That said, much of the excitement around AI and climate change is justified.

Because paired with such technologies, and with augmented reality, virtual reality, visualization technologies, digital twins, the Internet of Things (IoT), AI allows us to reach ever greater efficiency, faster. And when it comes to energy, greater efficiency means lower carbon emissions.

Microgrids, for example, are self-contained, localized electrical networks that power homes, businesses and other facilities using on-site energy generators and battery storage. Intelligent software can connect the different components with each other and with the utility grid. It can analyze real-time data about power reliability and costs, and automatically forecast and optimize how and when to produce, consume and store energy. And it makes it easy for the user to understand their savings, output and CO2 emissions.

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Or take another example. Schneider Electric recently launched Resource Advisor Copilot. This uses GenAI-based Natural Language Processing (NLP) technology to improve the way energy and sustainability teams interact with their enterprise data. Through a chat interface, users can request real-time data, enhanced analytics and visualization, or ask it questions like “How much did we spend on electricity in 2023?” or “Can you detail a plan to decarbonize my operations by 2030?”

We do need to be clear-eyed about what the explosive growth of AI and the data centres that power it means for water and energy consumption and emissions. Estimates suggest as the planet digitizes the power consumption of data centres will roughly double by 2028 — and that AI will account for some 20% of the total by then, up from about 8% now.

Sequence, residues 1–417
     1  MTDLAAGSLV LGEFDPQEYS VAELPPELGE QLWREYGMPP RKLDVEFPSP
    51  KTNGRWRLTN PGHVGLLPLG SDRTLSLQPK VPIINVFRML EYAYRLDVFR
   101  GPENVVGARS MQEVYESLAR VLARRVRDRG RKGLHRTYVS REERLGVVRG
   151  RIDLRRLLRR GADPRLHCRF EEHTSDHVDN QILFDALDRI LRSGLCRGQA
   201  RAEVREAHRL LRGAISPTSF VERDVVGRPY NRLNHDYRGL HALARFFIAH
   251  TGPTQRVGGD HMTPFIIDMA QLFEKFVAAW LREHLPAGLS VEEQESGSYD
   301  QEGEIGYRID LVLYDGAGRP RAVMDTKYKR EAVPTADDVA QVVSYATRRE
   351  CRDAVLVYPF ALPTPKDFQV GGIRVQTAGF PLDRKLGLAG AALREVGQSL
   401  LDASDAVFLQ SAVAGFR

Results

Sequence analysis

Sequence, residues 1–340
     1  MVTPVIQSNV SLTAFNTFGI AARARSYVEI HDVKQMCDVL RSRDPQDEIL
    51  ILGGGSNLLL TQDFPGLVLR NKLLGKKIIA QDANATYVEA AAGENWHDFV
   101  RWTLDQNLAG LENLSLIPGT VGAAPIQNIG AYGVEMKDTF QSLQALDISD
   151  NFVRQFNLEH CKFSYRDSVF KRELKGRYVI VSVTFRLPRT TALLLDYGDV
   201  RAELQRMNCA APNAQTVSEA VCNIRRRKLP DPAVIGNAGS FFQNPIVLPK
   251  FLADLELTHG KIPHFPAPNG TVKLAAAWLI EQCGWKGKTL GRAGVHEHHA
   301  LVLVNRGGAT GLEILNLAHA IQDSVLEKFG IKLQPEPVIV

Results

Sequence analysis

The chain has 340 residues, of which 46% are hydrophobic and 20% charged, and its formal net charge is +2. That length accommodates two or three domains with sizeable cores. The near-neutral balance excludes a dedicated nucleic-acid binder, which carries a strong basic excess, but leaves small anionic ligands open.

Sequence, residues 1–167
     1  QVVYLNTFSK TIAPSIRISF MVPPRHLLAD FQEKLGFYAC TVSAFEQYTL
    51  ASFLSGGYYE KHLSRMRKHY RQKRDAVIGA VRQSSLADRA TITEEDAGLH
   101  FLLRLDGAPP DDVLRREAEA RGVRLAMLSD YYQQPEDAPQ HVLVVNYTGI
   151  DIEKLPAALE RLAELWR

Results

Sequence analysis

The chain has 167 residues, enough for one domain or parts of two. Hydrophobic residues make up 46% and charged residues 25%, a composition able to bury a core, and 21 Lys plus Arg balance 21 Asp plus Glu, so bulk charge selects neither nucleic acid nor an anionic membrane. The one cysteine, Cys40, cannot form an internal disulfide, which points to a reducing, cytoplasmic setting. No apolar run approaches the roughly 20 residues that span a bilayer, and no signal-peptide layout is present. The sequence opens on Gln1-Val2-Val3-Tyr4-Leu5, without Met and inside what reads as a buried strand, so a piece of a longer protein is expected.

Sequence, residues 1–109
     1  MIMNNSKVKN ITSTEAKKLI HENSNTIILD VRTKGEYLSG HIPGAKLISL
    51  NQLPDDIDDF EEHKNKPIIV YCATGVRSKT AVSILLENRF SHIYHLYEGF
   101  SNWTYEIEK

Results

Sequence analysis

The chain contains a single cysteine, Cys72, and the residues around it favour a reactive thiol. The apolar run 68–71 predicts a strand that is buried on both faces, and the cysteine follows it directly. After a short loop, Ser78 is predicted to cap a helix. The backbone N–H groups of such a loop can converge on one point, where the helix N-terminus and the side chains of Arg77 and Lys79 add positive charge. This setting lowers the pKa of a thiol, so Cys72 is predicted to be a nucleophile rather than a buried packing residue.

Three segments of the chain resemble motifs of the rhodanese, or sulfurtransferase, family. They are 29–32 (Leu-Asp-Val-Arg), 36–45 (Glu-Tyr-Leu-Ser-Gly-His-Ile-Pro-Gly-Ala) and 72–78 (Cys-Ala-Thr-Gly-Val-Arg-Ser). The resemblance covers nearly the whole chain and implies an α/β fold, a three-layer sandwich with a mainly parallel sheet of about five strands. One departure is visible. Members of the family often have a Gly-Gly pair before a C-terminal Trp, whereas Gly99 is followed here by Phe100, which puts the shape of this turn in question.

It’s critical that this doesn’t lead to energy crunches or a rise in emissions. The ever-increasing efficiency of processing and software will help address this challenge. So will adjustments that can be made to the design and management of the data centres: replacing diesel generators with flexible, clean storage, and using ultra-high efficiency cooling, for example.

Accelerating climate action with or without AI

Whether you like it or not, the transformative power of AI is even bigger than the advent of the internet in the 1990s. Like the internet, AI will be at its best when it’s deployed responsibly and ethically; when it is powered with minimal impact on the environment; and used as an enabling tool and lubricant rather than an end-goal in itself — helping rather than replacing the human input that’s needed for ultimate quality assurance.

It must also not distract us from using what we already have at our disposal now: with or without AI, we can install more wind farms and EV charging stations and use existing digital tools to vastly improve how buildings and infrastructure are designed, built, operated and maintained.

Done right, however, AI can be a much-needed and powerful accelerator of existing technologies and speed up the development of new ones, supporting our efforts to keep climate change in check.